It’s (almost) always winter somewhere!
In much of Canada right now, winter is winding to a close. You still need to bundle up in, say, Québec City, Halifax or Winnipeg, where it will drop well below zero at night this week. And it’s not exactly warm in most places, most of the time—though Toronto did see a sunny +17°C last week! But spring is definitely in the air, and in the coming two or three weeks things should start to get downright comfortable in most major cities here.
But #RealWinter still has a hold on lots of places!
The cold season is far from over in some parts of Canada and across the world, in some cases for months to come. And even when it’s technically spring, that’s no guarantee it’ll be toasty out.
For instance, long winters are a feature in northern Canada. In Yellowknife, Northwest Territories, sub-zero temperatures last into May and start again in September. And in Whitehorse, Yukon, even in summer the average nighttime low sits at just seven degrees above zero. Just because you’re enjoying 20 hours of daylight for part of the year doesn’t mean it’s warm out!
Wait, TWO winters?
A lengthy cold season is typical in other northerly countries, too. In Norway, they actually have two different winters, one after the other. They think of them as the “dark” winter and the “light” one. They call the first one mørketiden, which means the dark time. This generally refers to the period north of the Arctic circle during which the sun doesn’t rise. (Parts of northern Canada get a version of that too.) It runs from mid-October through early January. The second winter, the brighter and more cheerful one, can last until April.
And some places have even that beat.
You don’t need two winters if you just have one endless one.
Norway: “We’ve got two winters! Top that!”
Alaska: “Hold my beer.”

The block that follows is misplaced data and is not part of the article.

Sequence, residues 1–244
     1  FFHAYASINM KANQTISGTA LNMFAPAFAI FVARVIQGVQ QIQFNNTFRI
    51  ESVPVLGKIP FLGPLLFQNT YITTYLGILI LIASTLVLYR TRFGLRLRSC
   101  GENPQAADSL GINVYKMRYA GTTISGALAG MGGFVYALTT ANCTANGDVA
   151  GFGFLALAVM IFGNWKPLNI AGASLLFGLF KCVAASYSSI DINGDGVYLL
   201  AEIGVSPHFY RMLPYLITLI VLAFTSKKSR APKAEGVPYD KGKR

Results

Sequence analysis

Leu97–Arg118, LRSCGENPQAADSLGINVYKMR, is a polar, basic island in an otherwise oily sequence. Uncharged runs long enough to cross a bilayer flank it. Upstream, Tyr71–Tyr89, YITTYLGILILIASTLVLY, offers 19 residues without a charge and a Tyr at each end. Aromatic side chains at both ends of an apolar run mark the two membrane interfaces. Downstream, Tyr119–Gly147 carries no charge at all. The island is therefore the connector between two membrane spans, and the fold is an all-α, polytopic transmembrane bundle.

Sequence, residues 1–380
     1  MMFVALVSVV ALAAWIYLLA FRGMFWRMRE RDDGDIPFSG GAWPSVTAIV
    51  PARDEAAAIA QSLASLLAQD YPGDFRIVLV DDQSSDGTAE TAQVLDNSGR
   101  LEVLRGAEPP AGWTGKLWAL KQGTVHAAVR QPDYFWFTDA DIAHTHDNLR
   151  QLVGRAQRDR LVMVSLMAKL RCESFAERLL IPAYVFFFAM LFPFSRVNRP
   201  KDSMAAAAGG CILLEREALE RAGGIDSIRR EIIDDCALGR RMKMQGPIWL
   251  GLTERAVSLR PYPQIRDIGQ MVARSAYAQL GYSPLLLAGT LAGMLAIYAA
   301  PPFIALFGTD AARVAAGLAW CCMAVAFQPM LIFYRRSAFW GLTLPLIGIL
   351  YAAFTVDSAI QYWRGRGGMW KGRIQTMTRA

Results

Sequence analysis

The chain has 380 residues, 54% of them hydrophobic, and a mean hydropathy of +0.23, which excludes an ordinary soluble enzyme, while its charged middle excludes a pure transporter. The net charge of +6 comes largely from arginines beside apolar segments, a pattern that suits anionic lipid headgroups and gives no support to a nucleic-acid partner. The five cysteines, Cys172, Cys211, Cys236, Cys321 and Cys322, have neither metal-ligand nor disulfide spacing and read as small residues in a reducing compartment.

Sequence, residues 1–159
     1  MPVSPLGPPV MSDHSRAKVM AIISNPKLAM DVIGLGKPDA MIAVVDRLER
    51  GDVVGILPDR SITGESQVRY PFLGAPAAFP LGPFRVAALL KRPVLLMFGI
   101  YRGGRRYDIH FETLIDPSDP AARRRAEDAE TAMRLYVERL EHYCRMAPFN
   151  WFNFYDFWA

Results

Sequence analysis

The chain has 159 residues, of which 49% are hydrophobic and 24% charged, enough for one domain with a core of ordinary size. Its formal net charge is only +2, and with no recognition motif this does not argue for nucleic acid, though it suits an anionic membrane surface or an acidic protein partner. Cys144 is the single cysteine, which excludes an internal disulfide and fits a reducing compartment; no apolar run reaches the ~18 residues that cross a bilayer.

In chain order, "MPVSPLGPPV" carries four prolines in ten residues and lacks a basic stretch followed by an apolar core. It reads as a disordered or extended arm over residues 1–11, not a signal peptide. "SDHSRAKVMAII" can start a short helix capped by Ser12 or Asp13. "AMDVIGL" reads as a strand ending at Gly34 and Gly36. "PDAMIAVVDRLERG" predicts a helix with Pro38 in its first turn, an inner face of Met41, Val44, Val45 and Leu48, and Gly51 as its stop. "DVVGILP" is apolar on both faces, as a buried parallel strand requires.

Russia: “Hold my vodka.”
Some places in Alaska see below-zero temperatures all the way into June. And if you’re hanging out in Utqiagvik, it remains cold enough year-round that, frankly, you could stand to wear a Lynx coat even during their version of summer!
In Northern Russia, subzero temperatures also persist until June, and the average temperature begins to hover around zero again as early as August. Of course Russia is pretty huge and most of the country doesn’t deal with that level of harshness, but it’s positively icy the higher north you go. In fact the coldest inhabited place on the planet is Oymyakon, in the Far East of Russia.
To all the cold places: we’d like to send a little love from Canada.
People tend to think of Canada as a cold country, but we cover so much land that it’s only partly true. Remember how in January, the New York Times made the entire country mad when they tweeted that we’re a “bone-chillingly cold country” when reporting on how Prince Harry and Meghan Markle might be moving here? (They also said the couple would “inject some razzle dazzle,” as if we didn’t have plenty of both razzle and dazzle already. How rude.) It was ridiculous especially because the royals were considering notoriously mild Vancouver as a potential home base. We love Vancouver, of course, but it’s hardly bone-chilling.
Still, in most of Canada we’re used to getting extreme cold for at least part of the year. As such, we feel a sort of kinship with other frozen places in the world. So even as our winter starts to soften into spring, we at Lynx would like to give a little shout-out from Canada to the places where warmer weather is a long way off. We see you, friends! We got you covered if you need us!
And no matter what you wear to keep warm, good luck getting through #RealWinter for as long as it decides to stick around.